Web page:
If the boat was purchased to charter, and the owner's fortunes changed, well, I think I'd keep her in charter and try to sell her as an income generating boat. It's pretty hard to deny that she's been in charter since the beginning, so I don't see a better course of action. The boat's already lost her virginity, so they might as well keep her making money. To take the boat out of charter, also removes the charter income, which may upset the bank, if the sale is finance related.

    I hate to make too many assumptions, and I feel that perhaps your post assumes too much.

    My take is that your post assumes:

    1. Alpha is doomed, unless they move offshore. (I have not researched this, but I haven't heard of them being in dire straits).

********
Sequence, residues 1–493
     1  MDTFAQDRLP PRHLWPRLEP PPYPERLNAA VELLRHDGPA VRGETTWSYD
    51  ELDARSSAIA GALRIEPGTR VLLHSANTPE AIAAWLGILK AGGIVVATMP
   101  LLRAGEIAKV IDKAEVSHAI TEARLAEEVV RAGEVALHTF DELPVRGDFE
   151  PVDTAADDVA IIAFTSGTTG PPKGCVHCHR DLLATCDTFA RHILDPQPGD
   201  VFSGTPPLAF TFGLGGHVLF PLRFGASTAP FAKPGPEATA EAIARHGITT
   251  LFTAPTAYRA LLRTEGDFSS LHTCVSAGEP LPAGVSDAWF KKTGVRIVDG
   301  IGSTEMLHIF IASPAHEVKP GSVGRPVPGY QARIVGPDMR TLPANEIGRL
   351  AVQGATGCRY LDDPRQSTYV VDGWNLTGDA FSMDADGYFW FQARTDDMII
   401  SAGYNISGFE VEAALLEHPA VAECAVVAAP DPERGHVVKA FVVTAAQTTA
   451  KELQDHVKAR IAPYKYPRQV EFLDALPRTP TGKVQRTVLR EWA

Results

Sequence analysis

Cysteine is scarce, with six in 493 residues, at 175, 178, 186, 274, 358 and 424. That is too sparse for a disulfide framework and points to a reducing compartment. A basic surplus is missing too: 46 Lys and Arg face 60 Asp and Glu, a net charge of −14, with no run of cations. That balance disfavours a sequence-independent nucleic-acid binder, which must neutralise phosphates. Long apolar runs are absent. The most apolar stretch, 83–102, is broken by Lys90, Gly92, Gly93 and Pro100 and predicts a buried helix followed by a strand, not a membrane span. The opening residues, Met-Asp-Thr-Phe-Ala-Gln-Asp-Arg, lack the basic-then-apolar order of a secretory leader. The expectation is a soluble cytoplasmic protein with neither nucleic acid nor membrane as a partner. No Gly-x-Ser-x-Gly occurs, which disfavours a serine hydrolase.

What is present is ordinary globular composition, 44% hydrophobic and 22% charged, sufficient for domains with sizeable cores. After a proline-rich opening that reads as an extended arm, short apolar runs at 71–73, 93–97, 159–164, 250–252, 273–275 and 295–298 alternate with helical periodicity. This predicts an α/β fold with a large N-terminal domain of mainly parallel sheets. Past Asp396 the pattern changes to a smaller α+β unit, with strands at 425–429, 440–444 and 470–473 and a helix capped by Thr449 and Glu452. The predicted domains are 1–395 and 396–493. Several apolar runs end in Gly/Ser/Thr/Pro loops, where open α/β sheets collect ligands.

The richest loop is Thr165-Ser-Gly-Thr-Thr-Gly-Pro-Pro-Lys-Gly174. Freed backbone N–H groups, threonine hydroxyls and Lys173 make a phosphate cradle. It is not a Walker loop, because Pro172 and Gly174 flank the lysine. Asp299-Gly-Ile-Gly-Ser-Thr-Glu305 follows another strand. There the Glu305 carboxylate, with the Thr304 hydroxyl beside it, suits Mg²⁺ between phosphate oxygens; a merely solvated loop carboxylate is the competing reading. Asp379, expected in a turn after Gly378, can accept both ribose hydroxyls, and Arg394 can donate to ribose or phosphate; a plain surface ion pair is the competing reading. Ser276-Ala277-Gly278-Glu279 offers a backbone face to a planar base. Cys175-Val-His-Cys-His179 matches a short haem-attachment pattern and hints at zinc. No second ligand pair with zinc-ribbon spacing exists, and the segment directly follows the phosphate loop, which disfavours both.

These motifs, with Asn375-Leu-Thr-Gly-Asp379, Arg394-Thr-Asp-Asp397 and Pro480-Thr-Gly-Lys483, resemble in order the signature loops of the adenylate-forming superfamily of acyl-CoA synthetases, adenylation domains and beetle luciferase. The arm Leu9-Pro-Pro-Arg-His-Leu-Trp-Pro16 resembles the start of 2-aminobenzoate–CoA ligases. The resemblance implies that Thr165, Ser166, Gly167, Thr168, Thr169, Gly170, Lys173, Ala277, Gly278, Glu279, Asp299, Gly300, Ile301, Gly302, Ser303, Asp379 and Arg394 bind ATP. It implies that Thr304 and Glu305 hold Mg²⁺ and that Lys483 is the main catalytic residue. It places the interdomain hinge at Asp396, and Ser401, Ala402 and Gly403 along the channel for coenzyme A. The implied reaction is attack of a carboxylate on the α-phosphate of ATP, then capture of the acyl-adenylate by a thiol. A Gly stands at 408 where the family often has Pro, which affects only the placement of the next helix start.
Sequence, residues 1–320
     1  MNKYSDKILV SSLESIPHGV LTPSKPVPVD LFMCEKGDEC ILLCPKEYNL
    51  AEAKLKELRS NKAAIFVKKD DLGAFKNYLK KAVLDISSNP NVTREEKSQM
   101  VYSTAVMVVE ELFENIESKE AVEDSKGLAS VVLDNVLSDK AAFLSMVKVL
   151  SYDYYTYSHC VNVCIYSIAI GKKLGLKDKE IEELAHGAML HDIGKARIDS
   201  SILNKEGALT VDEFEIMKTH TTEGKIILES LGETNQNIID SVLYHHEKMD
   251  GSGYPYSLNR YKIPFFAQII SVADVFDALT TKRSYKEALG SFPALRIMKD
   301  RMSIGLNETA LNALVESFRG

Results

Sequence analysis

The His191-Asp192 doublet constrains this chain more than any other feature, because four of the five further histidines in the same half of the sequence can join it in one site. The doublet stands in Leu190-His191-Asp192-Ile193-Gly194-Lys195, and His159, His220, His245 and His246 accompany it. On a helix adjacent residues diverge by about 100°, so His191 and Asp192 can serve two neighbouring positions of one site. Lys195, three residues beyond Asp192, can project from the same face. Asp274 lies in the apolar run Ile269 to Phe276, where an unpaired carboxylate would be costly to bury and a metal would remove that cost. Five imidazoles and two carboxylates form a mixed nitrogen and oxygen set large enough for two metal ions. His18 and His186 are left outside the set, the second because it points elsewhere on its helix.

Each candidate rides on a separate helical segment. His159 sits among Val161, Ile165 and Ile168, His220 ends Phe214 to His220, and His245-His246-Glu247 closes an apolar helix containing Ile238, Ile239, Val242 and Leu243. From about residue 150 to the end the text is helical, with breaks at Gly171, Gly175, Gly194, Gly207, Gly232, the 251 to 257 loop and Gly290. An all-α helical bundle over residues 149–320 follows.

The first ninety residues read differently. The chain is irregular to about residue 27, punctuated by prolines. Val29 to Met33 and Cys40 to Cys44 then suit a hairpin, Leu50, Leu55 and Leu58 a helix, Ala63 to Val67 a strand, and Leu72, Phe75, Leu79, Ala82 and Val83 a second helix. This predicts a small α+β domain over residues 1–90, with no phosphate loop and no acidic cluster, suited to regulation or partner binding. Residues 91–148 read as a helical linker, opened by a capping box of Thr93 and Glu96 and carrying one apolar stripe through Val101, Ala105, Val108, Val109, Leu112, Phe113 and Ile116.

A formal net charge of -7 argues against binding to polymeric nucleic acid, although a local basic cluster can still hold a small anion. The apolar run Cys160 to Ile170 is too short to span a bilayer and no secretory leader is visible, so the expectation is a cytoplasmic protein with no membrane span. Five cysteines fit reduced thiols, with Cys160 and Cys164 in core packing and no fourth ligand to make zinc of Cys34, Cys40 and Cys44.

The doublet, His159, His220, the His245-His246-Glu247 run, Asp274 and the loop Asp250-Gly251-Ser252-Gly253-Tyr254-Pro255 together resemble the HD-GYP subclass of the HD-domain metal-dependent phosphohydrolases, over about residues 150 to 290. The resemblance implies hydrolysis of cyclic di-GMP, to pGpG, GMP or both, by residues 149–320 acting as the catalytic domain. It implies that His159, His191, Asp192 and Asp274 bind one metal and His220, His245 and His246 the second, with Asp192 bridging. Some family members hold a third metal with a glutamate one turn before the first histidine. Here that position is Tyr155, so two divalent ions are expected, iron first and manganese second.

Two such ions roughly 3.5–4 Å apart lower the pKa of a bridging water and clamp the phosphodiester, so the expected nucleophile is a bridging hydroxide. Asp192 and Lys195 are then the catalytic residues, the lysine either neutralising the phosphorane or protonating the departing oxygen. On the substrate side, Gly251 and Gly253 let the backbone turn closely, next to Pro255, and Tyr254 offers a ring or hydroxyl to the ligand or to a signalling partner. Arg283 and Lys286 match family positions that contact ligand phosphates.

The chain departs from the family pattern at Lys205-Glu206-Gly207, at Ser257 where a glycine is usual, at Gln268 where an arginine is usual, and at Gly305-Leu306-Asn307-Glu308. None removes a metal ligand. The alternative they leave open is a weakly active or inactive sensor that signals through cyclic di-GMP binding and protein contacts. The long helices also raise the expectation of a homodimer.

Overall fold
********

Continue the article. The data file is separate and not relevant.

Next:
2. Alpha is to blame for the sinking of the first boat. (I haven't seen evidence to support this, I think the blame can be spread rather widely in this case.)
    3. Alpha, made poor business decisions, or had bad financial advice. (I don't think either of us knows enough about their business model, or financial status to know. Unless, as I said, they're going out of business, and I haven't heard.)
    4. The owner of Lucy can afford to take the boat out of charter, and that breaking the contract they have with their charter company would be financially feasible.
    5. Gold will go up.


    Crap happens, all the time. I shudder to think how much money I've thrown around after great ideas, which sometimes didn't turn out so great. But there were a few gems in there too, thank goodness.

    Much is lost, in time and interpretation, on forums. Perhaps I will have to start a "call in" forum. We could all call in, and hear each other's tone of voice, and learn how to take comments from each person's personality. It'll be a 900 number, of course. Business is business and all...